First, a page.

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Changes ‘encouraging’ for holiday home owners

However, Holiday Lettings believes that the Treasury’s proposed changes, that will take effect from April 2011, are in fact encouraging for those that run a self-catering holiday home on a full time basis as well as those considering entering the holiday lettings industry.

Why the three main proposed changes could be good for holiday home owners and the self-catering industry:

1) To raise the eligibility criteria; to qualify for FHL tax breaks owners must let a property for an annual minimum of 15 weeks (raised from 10)

In theory, increasing the annual minimum number of weeks that a property must be let for is a negative move but the reality is that it is only an additional five weeks on a previously low base.
Committed holiday let owners shouldn’t have any difficulty letting their home for 15 weeks of the year, at least ten of these are covered by peak period school holiday weeks.
If your business is already doing well this shouldn’t affect you.
2) Home must be made available for an annual minimum of 30 weeks (raised from 20)

Again another change that looks worse on paper, than it does in practice. This is basic common sense and linked to increasing the number of weeks a property is let. To have a greater chance of selling more weeks, the home needs to be available for more weeks.
For owners to benefit from this change they will have to increase the number of enquiries generated and bookings converted and this means proactively reviewing and in turn stepping up their marketing activity.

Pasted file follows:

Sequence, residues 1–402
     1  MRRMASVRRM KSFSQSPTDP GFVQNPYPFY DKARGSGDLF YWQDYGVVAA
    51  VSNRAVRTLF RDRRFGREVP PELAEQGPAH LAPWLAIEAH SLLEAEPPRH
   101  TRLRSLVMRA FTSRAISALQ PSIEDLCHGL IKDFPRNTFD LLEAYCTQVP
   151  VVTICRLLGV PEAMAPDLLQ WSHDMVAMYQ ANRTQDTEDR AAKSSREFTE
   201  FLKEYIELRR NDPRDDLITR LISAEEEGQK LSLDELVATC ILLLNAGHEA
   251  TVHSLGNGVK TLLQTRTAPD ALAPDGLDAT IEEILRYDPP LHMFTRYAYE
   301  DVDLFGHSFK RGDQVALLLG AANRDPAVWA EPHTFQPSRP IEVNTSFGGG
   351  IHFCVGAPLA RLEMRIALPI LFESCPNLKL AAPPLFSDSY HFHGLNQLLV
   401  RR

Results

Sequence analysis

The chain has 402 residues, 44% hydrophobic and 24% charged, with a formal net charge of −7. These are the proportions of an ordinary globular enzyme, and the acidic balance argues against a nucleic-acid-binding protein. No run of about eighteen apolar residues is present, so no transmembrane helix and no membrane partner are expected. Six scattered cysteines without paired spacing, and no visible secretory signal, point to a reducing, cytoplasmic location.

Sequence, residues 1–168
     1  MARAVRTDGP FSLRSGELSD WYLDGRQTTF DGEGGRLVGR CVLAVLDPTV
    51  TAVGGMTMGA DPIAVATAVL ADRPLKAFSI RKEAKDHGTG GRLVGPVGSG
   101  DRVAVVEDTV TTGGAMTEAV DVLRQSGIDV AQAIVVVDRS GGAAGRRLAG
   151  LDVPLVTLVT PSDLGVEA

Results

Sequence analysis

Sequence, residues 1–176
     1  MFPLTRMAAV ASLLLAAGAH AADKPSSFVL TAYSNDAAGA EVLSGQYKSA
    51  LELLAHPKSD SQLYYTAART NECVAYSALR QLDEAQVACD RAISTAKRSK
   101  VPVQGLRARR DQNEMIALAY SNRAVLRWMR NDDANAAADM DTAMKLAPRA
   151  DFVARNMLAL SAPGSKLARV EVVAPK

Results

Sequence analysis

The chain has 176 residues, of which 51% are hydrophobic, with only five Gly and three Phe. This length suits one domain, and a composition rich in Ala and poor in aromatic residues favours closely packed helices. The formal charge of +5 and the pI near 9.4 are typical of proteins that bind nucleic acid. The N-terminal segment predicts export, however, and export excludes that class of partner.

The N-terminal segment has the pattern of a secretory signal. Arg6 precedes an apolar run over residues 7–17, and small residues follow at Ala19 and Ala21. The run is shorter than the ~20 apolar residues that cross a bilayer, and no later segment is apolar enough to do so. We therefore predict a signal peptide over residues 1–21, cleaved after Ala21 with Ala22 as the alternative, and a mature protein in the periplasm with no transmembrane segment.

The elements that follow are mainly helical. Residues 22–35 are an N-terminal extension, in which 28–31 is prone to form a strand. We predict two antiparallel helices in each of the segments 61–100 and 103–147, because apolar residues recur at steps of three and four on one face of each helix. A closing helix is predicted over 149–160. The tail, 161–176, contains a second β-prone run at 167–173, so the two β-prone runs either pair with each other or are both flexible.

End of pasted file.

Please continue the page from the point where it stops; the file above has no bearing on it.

3) To restrict the use of loss relief from FHLs. If the proposed changes are made, holiday home trading losses will only be able to be offset against future profits from the same business. Under the existing rules, owners can offset trading losses from a holiday home against any other sources of income.

On the one hand it is important to remember that any changes will not come into play until spring 2011, so there is still time for owners to take advantage of the current FHL regime’s loss relief scheme.

On the other hand while one financial aid is being lost another is actually being gained. In theory, increased bookings should result in owners making more money and therefore reducing their chances of running the business at a loss.

Of the FHL consultation Kate Stinchcombe-Gillies, head of communications at Holiday Lettings, says:

"During the course of this debate it has become apparent that many holiday home owners are unsure what to expect from the changes and are fearful for the outcome of the consultation. Rather than continue the culture of scare mongering that has been evident over the last few months we want to reassure owners and make it clear that there are some very positive implications from the likely outcomes of the consultation."

"The extended advertising period gives every holiday home owner an opportunity to review and optimise their marketing strategy, something that any profitable business needs to do regardless of industry. Also, by keeping the Furnished Holiday Letting tax treatments relatively unchanged, but tightening the eligibility criteria, the proposals will continue to protect the professional holiday home landlord while increasing the incentives for part time landlords."

"In the main, these changes are an opportunity. If your business is performing well come 6 April 2011 there is very little to be concerned about and it should be business as usual. As the market leader in the holiday home industry, if the changes were remotely detrimental to our advertisers we would be the first to say so and seek a solution."

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